Former Purdue University student Tyler Trent made headlines several times over the past year. He battled osteosarcoma, a form of bone cancer, thee times — and used his story to raise awareness and money for his alma mater’s Center for Cancer Research. Sadly, Tyler’s battle with cancer ended on New Year’s Day 2019 — but his legacy won’t soon be forgotten. Tyler was just a happy person, no matter what was happening with his body, and he used his experience with bone cancer to bring as much good into the world as he possibly could. His life had meaning, and in addition to touching the lives of thousands, he made a major contribution to the medical community.
Tyler donated his tumor to doctors at Riley Hospital for Children at Indiana University Health, so they can hone treatments to help patients after him. Tyler’s donation allowed the doctors at Riley Hospital for Children to examine his type of tumor in something called “living-model research,” which means that they were able to implant the tumor into an animal subject and therefore test various treatments, such as chemotherapy combinations, to see how effective they are. This is a more realistic way to examine the tissue and how it responds to certain treatments than when cells are isolated in, for example, a petri dish.
After beating the aggressive bone cancer, which first struck in his mid-teens, Tyler relapsed in 2017, and that’s when he decided to donate the tumor that reappeared. This has been particularly impactful because less examination and testing of these relapse tumors has been done and there was a huge medical need to learn more, explained one of Tyler’s doctors, Dr. Jamie Renbarger, who is also section chief of hematology/oncology and head of the pediatric precision genomics program at the hospital.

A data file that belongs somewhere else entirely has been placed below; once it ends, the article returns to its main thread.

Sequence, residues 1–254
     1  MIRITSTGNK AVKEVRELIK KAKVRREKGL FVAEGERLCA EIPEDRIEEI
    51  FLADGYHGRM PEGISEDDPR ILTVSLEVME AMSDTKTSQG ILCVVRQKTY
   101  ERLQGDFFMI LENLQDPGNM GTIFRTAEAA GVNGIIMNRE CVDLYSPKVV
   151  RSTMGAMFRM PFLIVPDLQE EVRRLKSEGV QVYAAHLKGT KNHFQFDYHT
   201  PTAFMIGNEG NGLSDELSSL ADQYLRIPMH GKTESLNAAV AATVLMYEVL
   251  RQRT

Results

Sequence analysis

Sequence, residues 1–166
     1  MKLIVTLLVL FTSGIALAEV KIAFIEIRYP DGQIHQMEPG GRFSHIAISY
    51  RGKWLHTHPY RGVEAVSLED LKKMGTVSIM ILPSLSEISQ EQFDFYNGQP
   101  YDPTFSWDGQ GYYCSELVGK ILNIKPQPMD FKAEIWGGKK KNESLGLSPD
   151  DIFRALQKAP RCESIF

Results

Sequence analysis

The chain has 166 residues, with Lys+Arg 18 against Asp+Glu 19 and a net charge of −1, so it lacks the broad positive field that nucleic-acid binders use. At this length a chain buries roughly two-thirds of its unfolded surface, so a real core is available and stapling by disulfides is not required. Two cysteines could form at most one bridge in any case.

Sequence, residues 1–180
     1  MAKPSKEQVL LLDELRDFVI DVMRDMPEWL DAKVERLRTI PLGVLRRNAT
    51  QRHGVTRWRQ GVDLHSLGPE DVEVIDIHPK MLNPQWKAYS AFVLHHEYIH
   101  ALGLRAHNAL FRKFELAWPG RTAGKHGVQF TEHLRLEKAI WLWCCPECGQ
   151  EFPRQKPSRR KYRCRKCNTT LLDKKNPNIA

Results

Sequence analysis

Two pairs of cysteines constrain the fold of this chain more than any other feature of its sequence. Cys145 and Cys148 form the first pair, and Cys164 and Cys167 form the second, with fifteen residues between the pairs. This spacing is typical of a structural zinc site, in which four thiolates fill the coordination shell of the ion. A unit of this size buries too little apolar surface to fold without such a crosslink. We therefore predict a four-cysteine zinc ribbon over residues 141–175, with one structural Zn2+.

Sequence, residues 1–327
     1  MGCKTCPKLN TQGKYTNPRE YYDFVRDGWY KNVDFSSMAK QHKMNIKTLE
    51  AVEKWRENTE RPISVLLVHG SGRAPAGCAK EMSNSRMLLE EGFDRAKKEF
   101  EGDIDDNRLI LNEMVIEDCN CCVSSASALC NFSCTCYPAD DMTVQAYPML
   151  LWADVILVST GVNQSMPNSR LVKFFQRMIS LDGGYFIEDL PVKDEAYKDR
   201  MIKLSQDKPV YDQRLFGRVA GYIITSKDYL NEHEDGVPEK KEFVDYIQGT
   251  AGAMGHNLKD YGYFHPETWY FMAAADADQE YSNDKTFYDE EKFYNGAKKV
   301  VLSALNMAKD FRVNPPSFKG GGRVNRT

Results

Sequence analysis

Tissue donations are incredibly important for medical advancements in cancer research and understanding how the disease progresses. According to the National Cancer Institute, laws prevent any human tissue (from a cancer survivor or otherwise) to be used without explicit consent, so if you’re interested in donating, be sure to say something to your doctor. You won’t be able to choose how, exactly, the tissue is used, but you will undoubtedly be helping future discoveries and treatment options.
As one of the first osteosarcoma survivors to donate living tissue, Tyler was able to name the tissues from the tumor he donated, and he chose TT-1 and TT-2, for his initials. “I feel like I’m getting to view my legacy come to life,” Tyler told IndyStar. “I’m incredibly thankful that I’m getting to see the impact tissue donation is having. Most people don’t live long enough to see their impact but I’m getting blessed with that.”
Tyler’s legacy — of course — goes far beyond just his medical contributions. He will be remembered for his bravery, his spirit — and of course, his love for Purdue football.